The failed institutions branches were to reopen Monday.
This was Zions Bancorporation's second acquisition of a relatively large failed community bank. The previous acquisition was
of Henderson, Nev., which failed in September.
The FDIC estimated the loss to its insurance fund would be $206 million.
California regulators cited inadequate capital as the reason for closing County Bank of Merced, and the institution was included in
of banks that were undercapitalized as of Dec. 31. The failed bank's tier-1 leverage and risk-based capital ratios were 3.12% and 6.53%.
assigned County Bank an E- (Very Weak) rating early in January, a downgrade from an E+ rating in September and a D (Weak) in June. The driving factor in the institution's failure was nonperforming commercial real estate and construction loans. County Bank reported net loan charge offs of $53 million during 2008 and net losses totaling $96 million, wiping out too much of the institution's capital for it to survive.
County Bank had $1.7 billion in total assets and $1.3 billion in deposits. The FDIC arranged for Westamerica Bank to assume all of the failed institution's deposits, including uninsured balances and brokered deposits. The agency also entered into a loss-sharing agreement, under which Westamerica assumed all of County Bank's assets.
The FDIC estimated the loss to its insurance fund would be $135 million.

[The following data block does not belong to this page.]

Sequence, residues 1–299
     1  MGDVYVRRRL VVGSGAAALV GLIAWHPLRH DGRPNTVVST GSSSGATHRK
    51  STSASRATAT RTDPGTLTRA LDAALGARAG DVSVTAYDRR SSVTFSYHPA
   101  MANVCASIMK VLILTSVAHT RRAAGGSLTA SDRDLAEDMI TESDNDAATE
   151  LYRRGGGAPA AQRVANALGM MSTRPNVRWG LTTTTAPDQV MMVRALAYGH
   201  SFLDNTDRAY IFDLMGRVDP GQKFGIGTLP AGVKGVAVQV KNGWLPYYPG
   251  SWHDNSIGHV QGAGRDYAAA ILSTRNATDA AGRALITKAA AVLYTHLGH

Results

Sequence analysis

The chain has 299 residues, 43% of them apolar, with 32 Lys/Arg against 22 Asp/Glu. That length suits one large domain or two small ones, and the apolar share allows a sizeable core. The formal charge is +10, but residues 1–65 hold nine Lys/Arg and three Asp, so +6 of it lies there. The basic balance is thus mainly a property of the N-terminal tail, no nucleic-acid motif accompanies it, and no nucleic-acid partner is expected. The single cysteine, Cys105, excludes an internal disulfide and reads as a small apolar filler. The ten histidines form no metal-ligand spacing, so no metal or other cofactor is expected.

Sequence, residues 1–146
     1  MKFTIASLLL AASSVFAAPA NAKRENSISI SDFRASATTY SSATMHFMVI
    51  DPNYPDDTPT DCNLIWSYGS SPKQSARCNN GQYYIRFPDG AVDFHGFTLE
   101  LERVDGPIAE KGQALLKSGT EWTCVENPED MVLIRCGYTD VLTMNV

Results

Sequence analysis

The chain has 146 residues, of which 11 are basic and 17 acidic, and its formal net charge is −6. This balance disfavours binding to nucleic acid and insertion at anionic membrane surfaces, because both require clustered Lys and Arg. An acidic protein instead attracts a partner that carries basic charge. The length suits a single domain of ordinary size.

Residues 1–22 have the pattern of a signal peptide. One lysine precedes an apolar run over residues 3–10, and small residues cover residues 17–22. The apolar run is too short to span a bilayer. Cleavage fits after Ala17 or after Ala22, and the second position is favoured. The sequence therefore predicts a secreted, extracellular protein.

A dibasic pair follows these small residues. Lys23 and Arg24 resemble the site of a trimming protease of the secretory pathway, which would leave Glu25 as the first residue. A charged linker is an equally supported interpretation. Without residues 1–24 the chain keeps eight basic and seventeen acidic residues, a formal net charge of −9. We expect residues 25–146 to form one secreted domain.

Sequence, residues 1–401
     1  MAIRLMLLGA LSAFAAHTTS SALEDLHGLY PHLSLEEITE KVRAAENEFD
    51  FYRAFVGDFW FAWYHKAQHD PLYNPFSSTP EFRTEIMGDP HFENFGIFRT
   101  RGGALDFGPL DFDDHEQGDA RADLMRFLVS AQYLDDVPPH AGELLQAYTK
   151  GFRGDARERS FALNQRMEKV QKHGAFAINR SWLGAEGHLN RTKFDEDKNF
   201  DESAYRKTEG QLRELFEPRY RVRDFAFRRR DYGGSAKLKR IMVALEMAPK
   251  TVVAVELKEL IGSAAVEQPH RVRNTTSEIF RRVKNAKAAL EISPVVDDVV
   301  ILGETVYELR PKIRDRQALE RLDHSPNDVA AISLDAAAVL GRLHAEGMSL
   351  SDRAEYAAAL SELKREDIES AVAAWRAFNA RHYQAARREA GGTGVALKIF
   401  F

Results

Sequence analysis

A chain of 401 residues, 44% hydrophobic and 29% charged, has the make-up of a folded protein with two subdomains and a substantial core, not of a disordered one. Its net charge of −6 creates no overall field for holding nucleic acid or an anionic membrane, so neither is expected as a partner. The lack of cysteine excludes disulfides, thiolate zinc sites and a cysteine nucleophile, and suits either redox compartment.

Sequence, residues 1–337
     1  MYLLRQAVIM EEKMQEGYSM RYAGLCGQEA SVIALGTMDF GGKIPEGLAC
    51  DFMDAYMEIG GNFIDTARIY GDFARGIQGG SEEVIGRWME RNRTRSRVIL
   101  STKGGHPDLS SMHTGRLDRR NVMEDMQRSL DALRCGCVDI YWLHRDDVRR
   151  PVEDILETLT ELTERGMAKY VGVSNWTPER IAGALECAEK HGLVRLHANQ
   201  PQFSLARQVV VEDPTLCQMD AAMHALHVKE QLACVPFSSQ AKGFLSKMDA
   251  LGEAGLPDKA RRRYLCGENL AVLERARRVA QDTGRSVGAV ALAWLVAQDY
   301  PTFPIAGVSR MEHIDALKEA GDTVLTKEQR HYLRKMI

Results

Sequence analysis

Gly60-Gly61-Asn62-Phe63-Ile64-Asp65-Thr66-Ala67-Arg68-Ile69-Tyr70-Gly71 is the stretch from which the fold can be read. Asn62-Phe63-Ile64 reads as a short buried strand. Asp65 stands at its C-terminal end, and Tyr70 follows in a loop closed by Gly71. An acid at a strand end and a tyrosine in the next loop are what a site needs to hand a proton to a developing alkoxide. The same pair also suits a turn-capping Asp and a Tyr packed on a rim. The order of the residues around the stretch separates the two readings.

Not all banks have filed their Dec. 31 earnings reports, and data for most savings and loans is not yet available. But
already has identified a partial list of 40
The three bank failures this week turned out well for depositors, because the FDIC was able to find banks willing to acquire all deposits, including uninsured balances. However, this is not always the way bank failures turn out. As we saw
, the agency cannot always find another institution to take over deposits. This can result in uninsured depositors losing some or all of their balances. It can also result in insured CD depositors losing money when they are forced to place their money elsewhere at lower rates.
issues independent and very conservative financial strength ratings on each of the nation's 8,500 banks and savings and loans. They are available at no charge on the
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Philip W. van Doorn joined TheStreet.com Ratings., Inc., in February 2007. He is the senior analyst responsible for assigning financial strength ratings to banks and savings and loan institutions. He also comments on industry and regulatory trends. Mr. van Doorn has fifteen years experience, having served as a loan operations officer at Riverside National Bank in Fort Pierce, Florida, and as a credit analyst at the Federal Home Loan Bank of New York, where he monitored banks in New York, New Jersey and Puerto Rico. Mr. van Doorn has additional experience in the mutual fund and computer software industries. He holds a Bachelor of Science in business administration from Long Island University.